We have to assume that waste is a complex matter – difficult to grasp, difficult to gather good statistics on, and difficult to regulate and manage. All of this means that waste is an issue that has an impact on a very wide range of stakeholders. It is a significant issue for many businesses that have an economic interest in reducing the amount of waste they produce, and are concerned by how waste is regulated. It affects a wide range of public authorities and organisations, from the smallest town council to international organisations. The management of waste accounts for a significant number of jobs in the economy. It is one of the most visible environmental issues for European citizens as they are directly involved in the efforts to reduce the impact of waste, and are directly affected by pollution from poor handling and disposal of waste.
Waste is associated with things that are no longer wanted, and because of the long history of mismanagement, waste does not have a good reputation. It is viewed in generally negative terms as a problem, a cost, a pollutant. Yet more recently the waste business and waste impacts have been changing. A gap is opening up between the perception of waste as a significant environmental problem – something to be strictly controlled and disposed of as cheaply as possible – and the increasing evidence that waste is a resource that can be exploited.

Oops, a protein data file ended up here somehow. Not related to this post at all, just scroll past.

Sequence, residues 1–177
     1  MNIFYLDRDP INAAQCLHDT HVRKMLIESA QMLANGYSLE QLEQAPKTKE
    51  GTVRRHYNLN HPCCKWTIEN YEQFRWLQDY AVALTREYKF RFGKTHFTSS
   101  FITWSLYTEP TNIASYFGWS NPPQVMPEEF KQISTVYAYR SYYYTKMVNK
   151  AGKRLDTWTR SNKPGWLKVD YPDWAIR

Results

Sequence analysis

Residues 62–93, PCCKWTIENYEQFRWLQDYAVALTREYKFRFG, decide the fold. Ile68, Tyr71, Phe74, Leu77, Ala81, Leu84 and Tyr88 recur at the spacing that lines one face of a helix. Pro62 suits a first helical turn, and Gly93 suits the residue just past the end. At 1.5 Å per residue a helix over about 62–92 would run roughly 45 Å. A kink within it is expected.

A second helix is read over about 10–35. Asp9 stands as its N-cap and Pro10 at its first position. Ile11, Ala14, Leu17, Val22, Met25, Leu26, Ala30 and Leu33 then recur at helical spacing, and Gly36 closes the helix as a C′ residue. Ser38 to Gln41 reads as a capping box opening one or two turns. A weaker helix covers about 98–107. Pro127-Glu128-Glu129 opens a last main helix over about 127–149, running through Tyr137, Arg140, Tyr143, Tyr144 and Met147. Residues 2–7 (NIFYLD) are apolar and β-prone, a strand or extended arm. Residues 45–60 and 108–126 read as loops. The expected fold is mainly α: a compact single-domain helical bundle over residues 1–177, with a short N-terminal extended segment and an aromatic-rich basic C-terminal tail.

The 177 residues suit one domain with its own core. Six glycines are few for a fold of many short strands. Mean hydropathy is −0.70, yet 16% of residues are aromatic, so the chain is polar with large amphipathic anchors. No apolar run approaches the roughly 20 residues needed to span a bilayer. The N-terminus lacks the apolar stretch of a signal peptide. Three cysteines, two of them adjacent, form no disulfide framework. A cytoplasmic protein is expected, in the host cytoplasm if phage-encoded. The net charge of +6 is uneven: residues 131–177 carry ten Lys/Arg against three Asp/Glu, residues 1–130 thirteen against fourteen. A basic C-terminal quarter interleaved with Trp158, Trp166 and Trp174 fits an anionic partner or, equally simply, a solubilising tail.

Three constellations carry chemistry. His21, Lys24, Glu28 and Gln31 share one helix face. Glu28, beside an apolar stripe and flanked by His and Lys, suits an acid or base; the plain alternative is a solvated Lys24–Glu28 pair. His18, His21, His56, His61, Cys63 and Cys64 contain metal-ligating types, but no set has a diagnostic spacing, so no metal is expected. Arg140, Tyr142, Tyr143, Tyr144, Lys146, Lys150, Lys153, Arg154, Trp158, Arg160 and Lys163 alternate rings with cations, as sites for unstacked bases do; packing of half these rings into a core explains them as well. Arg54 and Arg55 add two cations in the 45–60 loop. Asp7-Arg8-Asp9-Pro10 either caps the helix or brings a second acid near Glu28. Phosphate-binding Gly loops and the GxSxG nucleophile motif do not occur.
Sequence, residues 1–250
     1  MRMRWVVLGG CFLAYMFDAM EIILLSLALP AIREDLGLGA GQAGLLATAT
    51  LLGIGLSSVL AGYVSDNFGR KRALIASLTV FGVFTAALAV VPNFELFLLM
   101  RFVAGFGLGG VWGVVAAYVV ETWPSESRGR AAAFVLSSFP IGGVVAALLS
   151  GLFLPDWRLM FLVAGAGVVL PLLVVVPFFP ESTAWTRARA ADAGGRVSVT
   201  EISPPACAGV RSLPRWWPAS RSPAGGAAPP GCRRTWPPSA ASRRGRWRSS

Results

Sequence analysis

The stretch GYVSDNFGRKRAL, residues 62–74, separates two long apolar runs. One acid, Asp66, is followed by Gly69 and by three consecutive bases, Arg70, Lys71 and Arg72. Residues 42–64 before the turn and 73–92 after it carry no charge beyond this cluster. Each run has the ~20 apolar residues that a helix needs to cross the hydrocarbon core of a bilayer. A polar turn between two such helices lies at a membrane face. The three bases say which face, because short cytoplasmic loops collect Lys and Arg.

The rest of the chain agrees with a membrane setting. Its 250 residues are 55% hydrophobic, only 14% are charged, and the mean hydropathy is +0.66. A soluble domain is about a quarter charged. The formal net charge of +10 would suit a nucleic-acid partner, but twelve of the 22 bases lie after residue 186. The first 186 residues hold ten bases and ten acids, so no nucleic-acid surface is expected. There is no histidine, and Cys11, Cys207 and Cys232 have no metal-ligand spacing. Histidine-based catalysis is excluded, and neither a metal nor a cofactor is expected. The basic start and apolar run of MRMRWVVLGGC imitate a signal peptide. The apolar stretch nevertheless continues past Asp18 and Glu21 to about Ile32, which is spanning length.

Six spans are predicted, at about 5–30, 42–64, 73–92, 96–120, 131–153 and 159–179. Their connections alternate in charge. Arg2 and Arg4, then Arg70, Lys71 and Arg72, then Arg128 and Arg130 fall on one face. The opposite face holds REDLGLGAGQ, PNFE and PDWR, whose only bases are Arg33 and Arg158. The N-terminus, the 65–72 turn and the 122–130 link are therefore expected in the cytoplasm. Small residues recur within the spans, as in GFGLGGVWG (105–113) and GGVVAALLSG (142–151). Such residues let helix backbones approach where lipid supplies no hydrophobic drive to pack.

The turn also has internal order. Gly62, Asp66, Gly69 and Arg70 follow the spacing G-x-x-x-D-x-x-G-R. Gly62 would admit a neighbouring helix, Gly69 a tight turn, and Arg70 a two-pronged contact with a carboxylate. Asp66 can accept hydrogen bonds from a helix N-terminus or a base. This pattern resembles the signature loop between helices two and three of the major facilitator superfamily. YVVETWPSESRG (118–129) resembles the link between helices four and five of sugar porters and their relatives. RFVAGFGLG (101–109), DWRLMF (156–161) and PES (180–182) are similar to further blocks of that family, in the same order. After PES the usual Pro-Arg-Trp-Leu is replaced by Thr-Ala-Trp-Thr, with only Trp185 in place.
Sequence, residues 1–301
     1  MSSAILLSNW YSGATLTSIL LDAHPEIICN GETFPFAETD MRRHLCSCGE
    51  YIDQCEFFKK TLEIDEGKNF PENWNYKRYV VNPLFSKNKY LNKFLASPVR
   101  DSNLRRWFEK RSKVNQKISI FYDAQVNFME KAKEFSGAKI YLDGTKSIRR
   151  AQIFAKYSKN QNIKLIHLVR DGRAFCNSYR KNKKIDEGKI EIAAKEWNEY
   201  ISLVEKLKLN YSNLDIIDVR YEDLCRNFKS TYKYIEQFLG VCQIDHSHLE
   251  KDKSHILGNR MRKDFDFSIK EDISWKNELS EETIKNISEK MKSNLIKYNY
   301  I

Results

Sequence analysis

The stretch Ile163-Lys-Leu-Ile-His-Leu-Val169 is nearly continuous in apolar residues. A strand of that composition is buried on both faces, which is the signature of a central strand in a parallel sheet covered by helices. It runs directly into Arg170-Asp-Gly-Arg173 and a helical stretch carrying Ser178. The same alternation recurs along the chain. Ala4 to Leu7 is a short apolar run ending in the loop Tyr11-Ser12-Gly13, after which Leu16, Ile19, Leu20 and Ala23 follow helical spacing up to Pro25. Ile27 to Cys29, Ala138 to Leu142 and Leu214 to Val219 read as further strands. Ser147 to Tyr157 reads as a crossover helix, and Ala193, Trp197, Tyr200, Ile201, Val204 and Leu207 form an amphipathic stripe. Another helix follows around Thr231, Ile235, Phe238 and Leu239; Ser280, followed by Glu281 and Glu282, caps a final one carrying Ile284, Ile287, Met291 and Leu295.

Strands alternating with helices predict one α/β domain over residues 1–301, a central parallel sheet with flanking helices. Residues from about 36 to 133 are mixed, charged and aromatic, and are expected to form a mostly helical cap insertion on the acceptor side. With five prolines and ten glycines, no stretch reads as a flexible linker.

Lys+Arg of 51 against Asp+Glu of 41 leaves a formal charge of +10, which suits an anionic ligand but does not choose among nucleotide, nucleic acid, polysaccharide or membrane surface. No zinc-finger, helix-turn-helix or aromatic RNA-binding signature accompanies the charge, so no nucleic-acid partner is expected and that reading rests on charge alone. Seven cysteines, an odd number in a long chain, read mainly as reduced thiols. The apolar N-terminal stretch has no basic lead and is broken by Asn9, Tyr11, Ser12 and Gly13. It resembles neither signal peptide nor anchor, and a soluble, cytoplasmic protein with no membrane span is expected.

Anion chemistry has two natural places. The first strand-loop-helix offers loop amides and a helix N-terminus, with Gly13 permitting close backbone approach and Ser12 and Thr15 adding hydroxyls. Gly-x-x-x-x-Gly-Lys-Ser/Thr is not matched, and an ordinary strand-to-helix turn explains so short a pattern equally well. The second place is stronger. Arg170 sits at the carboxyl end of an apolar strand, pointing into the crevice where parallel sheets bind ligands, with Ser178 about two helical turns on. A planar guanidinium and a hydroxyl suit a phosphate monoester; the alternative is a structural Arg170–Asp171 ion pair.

During the last thirty years we have seen a revolution in the way that waste is handled. Firstly, the environmental impacts of waste management and to a certain extent waste generation are increasingly under control.
At the same time, the most basic regulatory structure is in place, and its enforcement is improving a lot. Secondly, the economics of waste have changed towards recognition. Waste streams that businesses would have had to pay for to be taken away a decade ago, are now being sold for increasing amounts of money. Business innovation has transformed the technology available for the handling of waste. This means that although waste still has negative environmental and social impacts, it should no longer be seen as one of the most serious environmental issues when compared with climate change or biodiversity loss. The way we use resources in the context of sustainable production and consumption remains crucial, but it cannot be tackled through waste policy alone.